Little Big Things: The 34‑Year‑Old Protesting NRC‑CAA to Protect Assamese Culture
It was Dec. 11, 2019, that changed Paromita Bardoloi forever. The 34-year-old writer based out of Delhi had gone home to her small town in Assam, Rupai Siding, to visit her family. Around 8 p.m., she watched parliamentarians pass the controversial Citizenship Amendment Act on the television. Almost immediately after, she watched the residents of her town take to the streets, “as if a death was declared,” Bardoloi says. “People sloganeered throughout the night. It was a cold, silent night in a sleepy town, when the night slept but we stayed awake.” From then on, every day, she witnessed everyone, from college kids to monks to old women, come out in droves for anti-CAA protests, asking the government to repeal the law.
For Bardoloi, it was as if her Assamese identity had awakened all over again. “When I went to the protest and sat with everyone doing satyagraha, I knew that I want to stay back. You don’t leave your land when it’s hurting,” she says. “This land has given each one of us so much, which we carried everywhere. But this time, it’s the land that needs us. So, I stayed back. I don’t know for how long this will continue. But till I can, I will stay here.”
It is for Assamese pride that Bardoloi says she supported the National Register of Citizens when it was first implemented in Assam. She says the state infrastructure was crumbling under the burden of accommodating Bangladeshi migrants. At the same time, many around her felt Assamese culture would slowly be erased. “In Assam, we are fighting for our self-preservation. We can’t accept more people as we are so resource-scarce already. It’s a direct threat to our culture and identity.” Bardoloi, however, eventually understood the threats the NRC posed, as it expects people without documents to show up and prove their citizenship. As for the anti-CAA protests, she says she has unique reasons to oppose the Act — it’s not because it’s unconstitutional or biased against Muslim migrants; it’s because it’s anti-indigenous, she says, and puts the Assamese people and Assamese identity at risk from all migrants from neighboring countries.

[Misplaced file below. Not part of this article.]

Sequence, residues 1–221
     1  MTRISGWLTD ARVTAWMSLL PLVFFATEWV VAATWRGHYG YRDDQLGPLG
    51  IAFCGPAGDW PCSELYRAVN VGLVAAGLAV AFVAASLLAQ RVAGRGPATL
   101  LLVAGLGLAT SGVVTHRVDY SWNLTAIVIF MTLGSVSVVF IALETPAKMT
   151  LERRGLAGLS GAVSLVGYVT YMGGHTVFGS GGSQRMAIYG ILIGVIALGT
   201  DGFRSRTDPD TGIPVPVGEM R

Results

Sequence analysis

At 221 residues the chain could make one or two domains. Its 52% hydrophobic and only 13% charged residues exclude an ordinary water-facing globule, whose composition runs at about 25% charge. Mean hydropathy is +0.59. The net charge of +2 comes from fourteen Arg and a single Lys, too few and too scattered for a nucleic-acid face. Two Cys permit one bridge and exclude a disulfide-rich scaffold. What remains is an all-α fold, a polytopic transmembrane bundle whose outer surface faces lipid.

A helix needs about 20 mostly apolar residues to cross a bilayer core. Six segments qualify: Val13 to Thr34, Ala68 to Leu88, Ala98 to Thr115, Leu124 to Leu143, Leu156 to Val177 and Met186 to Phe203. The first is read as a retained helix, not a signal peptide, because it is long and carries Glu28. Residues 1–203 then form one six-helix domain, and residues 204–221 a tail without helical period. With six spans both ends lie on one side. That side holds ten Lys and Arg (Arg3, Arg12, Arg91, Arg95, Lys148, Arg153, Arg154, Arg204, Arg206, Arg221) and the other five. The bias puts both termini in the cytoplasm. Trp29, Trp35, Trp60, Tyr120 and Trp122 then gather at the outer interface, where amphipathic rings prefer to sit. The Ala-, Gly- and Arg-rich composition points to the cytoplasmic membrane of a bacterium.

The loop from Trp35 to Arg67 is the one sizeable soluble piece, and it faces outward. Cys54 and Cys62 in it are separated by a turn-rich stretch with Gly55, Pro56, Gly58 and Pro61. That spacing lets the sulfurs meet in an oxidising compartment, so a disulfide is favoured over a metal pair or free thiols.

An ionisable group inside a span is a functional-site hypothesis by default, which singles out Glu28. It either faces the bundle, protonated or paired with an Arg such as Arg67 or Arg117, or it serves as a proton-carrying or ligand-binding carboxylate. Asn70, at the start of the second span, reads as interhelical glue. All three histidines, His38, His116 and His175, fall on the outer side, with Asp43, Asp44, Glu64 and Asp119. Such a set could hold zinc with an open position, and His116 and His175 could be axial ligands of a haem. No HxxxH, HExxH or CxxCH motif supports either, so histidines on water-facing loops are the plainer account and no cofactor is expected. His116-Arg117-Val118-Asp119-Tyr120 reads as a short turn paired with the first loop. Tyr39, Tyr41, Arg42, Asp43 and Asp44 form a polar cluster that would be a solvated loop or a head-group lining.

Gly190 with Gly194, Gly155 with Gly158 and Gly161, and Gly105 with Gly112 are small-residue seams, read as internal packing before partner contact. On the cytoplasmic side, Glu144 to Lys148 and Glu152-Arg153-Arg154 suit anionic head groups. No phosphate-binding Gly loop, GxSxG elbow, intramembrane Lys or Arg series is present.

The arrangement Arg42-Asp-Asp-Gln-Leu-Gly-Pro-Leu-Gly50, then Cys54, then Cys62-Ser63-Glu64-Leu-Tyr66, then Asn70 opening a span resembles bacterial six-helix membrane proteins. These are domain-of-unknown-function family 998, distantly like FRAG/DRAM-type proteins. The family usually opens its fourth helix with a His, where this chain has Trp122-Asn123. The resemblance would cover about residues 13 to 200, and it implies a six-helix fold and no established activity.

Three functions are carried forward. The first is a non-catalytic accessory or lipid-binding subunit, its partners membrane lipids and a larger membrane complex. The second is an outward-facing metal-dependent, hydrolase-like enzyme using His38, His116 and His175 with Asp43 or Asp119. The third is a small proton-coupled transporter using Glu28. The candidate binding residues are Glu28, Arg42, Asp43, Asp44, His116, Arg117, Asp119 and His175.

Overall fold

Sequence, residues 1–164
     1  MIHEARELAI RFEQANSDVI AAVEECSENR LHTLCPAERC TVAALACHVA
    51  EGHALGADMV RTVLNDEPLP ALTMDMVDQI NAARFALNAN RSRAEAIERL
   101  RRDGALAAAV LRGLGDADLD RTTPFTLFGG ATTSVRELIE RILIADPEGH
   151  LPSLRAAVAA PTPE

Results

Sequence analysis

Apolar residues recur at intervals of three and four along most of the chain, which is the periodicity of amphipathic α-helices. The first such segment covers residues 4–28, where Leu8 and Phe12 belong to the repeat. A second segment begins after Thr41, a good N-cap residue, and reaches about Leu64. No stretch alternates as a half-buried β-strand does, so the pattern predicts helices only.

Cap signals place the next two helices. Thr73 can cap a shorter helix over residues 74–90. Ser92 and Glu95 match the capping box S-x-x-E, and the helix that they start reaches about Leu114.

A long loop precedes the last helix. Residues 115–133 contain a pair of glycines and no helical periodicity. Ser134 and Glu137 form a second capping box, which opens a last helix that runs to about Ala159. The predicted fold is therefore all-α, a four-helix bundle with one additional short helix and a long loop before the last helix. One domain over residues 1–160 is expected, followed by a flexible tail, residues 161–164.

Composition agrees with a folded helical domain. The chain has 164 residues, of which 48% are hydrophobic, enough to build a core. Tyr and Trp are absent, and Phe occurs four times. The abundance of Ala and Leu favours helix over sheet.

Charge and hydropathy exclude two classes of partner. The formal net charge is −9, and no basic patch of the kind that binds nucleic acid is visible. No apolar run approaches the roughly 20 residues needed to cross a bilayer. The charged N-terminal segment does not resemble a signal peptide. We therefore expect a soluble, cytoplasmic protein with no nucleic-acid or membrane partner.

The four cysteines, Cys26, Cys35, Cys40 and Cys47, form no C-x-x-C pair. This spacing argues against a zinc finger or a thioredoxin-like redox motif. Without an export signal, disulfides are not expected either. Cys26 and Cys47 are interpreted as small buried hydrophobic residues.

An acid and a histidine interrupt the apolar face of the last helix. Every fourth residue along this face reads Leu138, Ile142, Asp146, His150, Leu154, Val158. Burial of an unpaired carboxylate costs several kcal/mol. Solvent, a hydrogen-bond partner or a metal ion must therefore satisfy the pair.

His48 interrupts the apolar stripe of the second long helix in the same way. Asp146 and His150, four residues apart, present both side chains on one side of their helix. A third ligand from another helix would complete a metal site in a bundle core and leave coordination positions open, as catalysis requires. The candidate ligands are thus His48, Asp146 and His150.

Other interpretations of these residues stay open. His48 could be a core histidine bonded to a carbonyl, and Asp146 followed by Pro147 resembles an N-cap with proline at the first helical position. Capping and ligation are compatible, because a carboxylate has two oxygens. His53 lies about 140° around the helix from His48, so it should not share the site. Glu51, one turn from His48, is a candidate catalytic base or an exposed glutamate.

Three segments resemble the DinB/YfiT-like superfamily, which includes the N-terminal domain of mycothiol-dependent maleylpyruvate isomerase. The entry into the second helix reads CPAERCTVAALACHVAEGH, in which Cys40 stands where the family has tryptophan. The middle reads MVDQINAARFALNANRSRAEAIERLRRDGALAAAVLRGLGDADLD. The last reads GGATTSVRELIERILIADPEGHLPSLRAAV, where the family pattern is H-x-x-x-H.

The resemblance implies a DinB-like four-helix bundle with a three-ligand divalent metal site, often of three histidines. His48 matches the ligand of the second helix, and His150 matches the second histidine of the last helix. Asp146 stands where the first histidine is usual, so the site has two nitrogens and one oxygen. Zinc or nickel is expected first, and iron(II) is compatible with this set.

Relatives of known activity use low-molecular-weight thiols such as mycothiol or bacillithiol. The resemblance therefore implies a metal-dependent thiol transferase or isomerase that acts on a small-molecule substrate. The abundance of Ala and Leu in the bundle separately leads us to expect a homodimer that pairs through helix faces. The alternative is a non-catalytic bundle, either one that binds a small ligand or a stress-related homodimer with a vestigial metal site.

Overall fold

For Bardoloi, leaving her life in Delhi to indefinitely protest with Assam has been both a political and personal renaissance.
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Bardoloi’s political awakening happened during the protests that succeeded the 2012 Delhi gang rape in Delhi, when she realized her existence as a woman was inherently political. Growing up, she had read Assamese literature and spoken the language, but after she realized the looming threat of the NRC-CAA, she realized her existence as a native of Assam was also political. In her time protesting against the CAA with her statespeople, Bardoloi has realized how her ancestors toiled so she could be proud of her Assamese identity. In the languages spoken by more than 200 tribes in the state, in the gamusa (traditional piece of cloth) donned by protesters in the street, in the women who climbed onto trucks to protest without hesitation, Bardoloi saw the work past activists had put in to make the Assamese identity one of the more liberal ones found in India. “It hasn’t come for free,” she says. “Through all this, you realize that to become the woman you are today, a history is attached to it — a history that has an immense diversity of culture.”
“In these protests, people from all classes and backgrounds come. I speak to everyone. Some come with children, some come with neighbors. But everyone tries to add to the protest. I met women who work in tea gardens. They are everyday wage workers. Each day they earn Rs. 167. And each day they come to protest they lose money. Still, they come,” Bardoloi recounts. “You come to see that the land we sit on unites each one of us. And how that love, that belongingness brings us all together.”
For Bardoloi, “to care is to belong, to be bigger than your own small self.” She says she still has to return to Delhi at some point, to resume her life. But for now, staying home is “the right thing to do.”